That long-lasting bond has recently come in handy for brands looking to connect with legal consumers. Federal regulations prohibit cannabis from online ads, forcing marketers and brands to ramp up creativity. In recent years, cannabis brands have become increasingly present at music festivals and concerts through sponsorships, activations and other consumer-facing endeavors.

“When executed correctly and compliantly, live event marketing collaborations can absolutely drive sales and brand awareness, as well as form lasting consumer relationships and promote brand loyalty,” said Andreas Neumann, Jushi Holdings Inc (OTCMKTS: JUSHF) (CNSX: JUSH) chief creative director and 2020 Grammy award winner for Best Album Package. 

While short on data, cannabis leaders say they’ve witnessed the potential in live events marketing and partnerships with cannabis-friendly artists.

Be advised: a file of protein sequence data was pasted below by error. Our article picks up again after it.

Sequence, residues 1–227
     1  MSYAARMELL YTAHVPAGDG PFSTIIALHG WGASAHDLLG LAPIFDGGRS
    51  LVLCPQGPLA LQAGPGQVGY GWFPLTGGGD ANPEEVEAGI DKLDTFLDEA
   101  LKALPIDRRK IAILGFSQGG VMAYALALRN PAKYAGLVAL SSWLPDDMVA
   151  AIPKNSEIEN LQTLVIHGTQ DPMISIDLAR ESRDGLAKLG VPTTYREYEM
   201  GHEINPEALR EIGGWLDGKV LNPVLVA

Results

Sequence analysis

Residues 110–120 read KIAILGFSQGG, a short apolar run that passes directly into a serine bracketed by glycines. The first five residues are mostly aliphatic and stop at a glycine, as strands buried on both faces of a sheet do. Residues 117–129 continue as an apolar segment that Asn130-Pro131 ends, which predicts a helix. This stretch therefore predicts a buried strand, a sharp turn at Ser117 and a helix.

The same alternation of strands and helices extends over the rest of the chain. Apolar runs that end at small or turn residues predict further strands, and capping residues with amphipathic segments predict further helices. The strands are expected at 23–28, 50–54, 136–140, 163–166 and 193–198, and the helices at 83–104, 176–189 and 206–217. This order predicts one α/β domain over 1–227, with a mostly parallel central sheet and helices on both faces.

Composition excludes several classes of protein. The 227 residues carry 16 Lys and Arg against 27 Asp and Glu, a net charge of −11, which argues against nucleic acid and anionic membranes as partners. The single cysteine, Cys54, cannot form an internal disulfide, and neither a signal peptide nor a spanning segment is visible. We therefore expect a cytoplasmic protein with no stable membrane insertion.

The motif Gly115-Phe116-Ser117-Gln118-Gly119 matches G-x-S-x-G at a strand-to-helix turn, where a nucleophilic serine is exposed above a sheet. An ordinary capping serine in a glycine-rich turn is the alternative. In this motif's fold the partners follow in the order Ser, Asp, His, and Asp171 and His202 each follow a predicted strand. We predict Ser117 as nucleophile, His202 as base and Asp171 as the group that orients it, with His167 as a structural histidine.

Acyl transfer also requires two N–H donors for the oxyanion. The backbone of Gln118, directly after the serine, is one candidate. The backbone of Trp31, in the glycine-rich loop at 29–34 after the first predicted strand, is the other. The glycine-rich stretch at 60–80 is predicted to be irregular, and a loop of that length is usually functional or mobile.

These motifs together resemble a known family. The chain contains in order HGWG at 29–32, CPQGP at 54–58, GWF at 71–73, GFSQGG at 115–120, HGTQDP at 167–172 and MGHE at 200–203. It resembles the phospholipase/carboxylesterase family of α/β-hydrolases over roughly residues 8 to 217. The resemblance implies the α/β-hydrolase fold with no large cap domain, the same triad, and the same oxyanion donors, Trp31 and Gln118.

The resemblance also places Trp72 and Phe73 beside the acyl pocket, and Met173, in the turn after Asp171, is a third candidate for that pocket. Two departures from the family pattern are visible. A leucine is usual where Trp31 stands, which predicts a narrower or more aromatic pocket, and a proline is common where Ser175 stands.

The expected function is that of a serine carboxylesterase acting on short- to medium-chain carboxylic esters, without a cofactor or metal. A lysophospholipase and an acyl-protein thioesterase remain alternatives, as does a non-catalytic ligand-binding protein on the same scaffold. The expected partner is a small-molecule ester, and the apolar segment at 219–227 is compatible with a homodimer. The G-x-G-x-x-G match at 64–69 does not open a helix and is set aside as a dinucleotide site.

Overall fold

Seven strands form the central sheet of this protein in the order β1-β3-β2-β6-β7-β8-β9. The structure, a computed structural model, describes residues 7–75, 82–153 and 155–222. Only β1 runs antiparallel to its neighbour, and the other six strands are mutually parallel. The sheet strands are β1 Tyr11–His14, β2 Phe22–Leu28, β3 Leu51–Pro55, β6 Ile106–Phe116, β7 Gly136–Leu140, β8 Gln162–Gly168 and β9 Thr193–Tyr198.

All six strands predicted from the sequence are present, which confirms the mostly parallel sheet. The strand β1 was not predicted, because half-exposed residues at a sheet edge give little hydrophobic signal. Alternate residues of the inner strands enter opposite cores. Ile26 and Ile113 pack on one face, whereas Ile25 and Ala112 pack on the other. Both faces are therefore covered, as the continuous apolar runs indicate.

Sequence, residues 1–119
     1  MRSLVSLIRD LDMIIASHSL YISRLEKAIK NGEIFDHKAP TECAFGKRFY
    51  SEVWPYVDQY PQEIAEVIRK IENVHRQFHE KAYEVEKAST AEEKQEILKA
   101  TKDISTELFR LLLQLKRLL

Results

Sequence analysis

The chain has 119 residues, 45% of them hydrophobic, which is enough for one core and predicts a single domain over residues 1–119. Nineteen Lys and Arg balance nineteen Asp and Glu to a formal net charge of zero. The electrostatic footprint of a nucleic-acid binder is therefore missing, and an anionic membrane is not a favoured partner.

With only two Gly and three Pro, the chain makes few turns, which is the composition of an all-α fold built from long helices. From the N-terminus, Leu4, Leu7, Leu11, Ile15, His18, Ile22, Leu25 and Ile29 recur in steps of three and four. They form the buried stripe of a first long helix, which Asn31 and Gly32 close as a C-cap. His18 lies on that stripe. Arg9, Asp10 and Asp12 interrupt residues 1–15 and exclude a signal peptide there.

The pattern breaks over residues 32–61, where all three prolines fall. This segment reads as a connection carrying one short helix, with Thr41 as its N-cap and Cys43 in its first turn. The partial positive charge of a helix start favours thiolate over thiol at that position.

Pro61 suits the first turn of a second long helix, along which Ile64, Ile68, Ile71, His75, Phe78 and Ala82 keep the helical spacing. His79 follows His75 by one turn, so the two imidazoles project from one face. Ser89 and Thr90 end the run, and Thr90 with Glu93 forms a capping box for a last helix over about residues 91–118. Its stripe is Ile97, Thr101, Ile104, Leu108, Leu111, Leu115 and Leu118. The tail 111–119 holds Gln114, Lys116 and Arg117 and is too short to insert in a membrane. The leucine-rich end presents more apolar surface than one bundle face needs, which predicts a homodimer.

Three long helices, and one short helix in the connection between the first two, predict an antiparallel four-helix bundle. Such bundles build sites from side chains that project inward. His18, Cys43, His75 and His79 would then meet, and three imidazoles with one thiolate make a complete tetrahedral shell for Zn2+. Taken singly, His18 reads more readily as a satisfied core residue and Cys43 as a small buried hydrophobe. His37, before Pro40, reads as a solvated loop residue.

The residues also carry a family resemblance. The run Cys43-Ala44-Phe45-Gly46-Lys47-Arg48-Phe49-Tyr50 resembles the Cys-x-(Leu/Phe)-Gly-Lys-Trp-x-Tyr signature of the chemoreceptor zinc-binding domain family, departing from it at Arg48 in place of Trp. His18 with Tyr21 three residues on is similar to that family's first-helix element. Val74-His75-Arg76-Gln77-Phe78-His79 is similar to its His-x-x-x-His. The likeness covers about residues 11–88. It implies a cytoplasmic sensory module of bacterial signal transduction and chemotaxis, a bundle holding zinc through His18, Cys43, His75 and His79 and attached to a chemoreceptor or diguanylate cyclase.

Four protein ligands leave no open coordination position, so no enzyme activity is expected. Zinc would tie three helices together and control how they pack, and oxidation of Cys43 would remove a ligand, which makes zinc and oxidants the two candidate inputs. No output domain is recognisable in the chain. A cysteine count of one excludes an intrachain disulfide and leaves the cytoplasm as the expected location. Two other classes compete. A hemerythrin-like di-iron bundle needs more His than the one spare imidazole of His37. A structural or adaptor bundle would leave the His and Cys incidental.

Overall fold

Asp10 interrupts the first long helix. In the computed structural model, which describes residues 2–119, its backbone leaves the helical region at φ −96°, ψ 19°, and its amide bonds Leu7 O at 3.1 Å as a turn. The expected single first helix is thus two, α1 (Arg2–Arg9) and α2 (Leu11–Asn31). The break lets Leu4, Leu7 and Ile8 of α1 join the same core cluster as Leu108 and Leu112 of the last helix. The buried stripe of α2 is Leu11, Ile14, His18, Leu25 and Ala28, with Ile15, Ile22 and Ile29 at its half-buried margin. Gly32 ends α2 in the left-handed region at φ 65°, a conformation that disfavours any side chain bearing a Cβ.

Live Event Marketing Grows In Cannabis

Like cannabis and its various medical claims, most seem to accept anecdotal feedback regarding the return on investment (ROI) for live event sponsorships. While additional findings would conclude the debate, most already agree on its efficacy.

“While legal cannabis is still a relatively young industry, the effectiveness of event marketing has been proven over and over in many other industries, including CPG,” said Glass House Brands Inc (OTCMKTS: GLASF) President Graham Farrar.

The uptick in cannabis at events has been noticeable, particularly in states with legalized adult-use and/or relaxed public consumption laws. 

“While we have more regulations to contend with, it doesn’t change the value that live events can bring,” said Farrar.